- Gordon Gould (1920–2005) came up with the idea behind the laser in 1957. He put off applying for a patent and, by the time he did apply, other scientists had laser inventions of their own. A lengthy legal battle resulted, in which Gould spent $100,000 on lawyers, before he eventually received a patent for the laser in 1977. Compared to the enormous social benefits of the laser, Gould received relatively little financial reward.
A variety of studies by economists have found that the original inventor receives one-third to one-half of the total economic benefits from innovations, while other businesses and new product users receive the rest.
The Positive Externalities of New Technology
Will private firms in a market economy under invest in research and technology? If a firm builds a factory or buys a piece of equipment, the firm receives all the economic benefits that result from the investments. However, when a firm invests in new technology, the private benefits, or profits, that the firm receives are only a portion of the overall social benefits. The social benefits of an innovation take into account the value of all the positive externalities of the new idea or product, whether enjoyed by other companies or society as a whole, as well as the private benefits received by the firm that developed the new technology. Positive externalities are beneficial spillovers to a third party, or parties.
Consider the example of the Big Drug Company, which is planning its R&D budget for the next year. Economists and scientists working for Big Drug have compiled a list of potential research and development projects and estimated rates of return. (The rate of return is the estimated payoff from the project.) Figure 2 shows how the calculations work. The downward-sloping DPrivate curve represents the firm’s demand for financial capital and reflects the company’s willingness to borrow to finance research and development projects at various interest rates. Suppose that this firm’s investment in research and development creates a spillover benefit to other firms and households. After all, new innovations often spark other creative endeavors that society also values. If we add the spillover benefits society enjoys to the firm’s private demand for financial capital, we can draw DSocial that lies above DPrivate.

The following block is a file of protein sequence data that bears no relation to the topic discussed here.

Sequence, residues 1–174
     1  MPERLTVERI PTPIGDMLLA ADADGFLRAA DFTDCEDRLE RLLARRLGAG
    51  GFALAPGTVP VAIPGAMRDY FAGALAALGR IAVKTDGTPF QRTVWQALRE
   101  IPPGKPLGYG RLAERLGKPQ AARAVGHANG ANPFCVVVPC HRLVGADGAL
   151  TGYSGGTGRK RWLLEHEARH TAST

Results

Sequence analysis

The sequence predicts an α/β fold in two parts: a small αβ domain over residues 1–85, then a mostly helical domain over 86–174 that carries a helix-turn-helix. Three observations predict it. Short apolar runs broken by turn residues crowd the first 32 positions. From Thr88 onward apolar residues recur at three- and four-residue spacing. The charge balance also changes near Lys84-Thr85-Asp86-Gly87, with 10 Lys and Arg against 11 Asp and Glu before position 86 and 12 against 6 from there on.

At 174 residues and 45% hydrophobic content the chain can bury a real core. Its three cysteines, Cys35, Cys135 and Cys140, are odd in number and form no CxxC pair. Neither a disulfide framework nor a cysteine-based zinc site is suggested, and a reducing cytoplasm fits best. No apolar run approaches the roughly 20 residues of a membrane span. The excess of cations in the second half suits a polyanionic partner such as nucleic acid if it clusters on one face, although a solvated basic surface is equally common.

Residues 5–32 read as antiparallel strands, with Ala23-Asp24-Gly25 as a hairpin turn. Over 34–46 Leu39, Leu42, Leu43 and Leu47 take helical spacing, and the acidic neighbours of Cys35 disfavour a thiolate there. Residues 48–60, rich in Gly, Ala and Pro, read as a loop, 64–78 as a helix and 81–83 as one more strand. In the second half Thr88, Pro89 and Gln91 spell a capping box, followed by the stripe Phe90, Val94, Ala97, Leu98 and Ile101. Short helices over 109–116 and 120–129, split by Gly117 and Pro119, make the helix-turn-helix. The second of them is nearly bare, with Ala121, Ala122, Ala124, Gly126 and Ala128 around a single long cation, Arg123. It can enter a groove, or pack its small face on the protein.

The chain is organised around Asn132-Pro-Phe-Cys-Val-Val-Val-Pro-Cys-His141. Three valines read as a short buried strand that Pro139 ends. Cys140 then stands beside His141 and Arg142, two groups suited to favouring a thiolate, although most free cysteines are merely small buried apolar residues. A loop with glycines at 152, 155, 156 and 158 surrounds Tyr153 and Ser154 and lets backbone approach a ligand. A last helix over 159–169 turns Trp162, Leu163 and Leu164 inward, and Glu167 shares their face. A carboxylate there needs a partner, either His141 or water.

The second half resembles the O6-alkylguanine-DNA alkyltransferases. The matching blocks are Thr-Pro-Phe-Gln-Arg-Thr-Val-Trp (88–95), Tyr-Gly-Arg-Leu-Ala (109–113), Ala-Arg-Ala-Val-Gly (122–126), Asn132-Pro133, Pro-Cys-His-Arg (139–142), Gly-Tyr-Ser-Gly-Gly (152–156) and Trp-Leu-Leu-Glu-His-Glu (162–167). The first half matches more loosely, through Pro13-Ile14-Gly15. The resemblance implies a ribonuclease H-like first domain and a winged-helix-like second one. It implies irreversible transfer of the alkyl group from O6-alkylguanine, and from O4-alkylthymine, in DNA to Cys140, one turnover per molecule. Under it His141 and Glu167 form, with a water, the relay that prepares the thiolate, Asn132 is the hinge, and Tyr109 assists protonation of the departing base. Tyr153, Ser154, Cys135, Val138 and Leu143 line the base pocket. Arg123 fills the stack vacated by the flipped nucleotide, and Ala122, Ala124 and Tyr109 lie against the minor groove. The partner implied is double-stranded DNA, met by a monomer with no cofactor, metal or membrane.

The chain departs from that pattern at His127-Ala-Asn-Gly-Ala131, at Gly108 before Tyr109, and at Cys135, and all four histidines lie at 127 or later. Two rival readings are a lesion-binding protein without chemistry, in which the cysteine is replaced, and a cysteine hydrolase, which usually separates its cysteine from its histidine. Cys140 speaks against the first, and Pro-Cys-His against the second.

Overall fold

If there was a way for the firm to fully monopolize those social benefits by somehow making them unavailable to the rest of us, the firm’s private demand curve would be the same as society’s demand curve. According to Figure 2 and Table 1, if the going rate of interest on borrowing is 8%, and the company can receive the private benefits of innovation only, then the company would finance $30 million. Society, at the same rate of 8%, would find it optimal to have $52 million of borrowing. Unless there is a way for the company to fully enjoy the total benefits, then it will borrow less than the socially optimal level of $52 million.
|Table 1. Return and Demand for Capital|
|Rate of Return||DPrivate (in millions)||DSocial (in millions)|
Big Drug’s original demand for financial capital (DPrivate) is based on the profits received by the firm. However, other pharmaceutical firms and health care companies may learn new lessons about how to treat certain medical conditions and are then able to create their own competing products. The social benefit of the drug takes into account the value of all the positive externalities of the drug. If Big Drug were able to gain this social return instead of other companies, its demand for financial capital would shift to the demand curve DSocial, and it would be willing to borrow and invest $52 million. However, if Big Drug is receiving only 50 cents of each dollar of social benefits, the firm will not spend as much on creating new products. The amount it would be willing to spend would fall somewhere in between DPrivate and DSocial.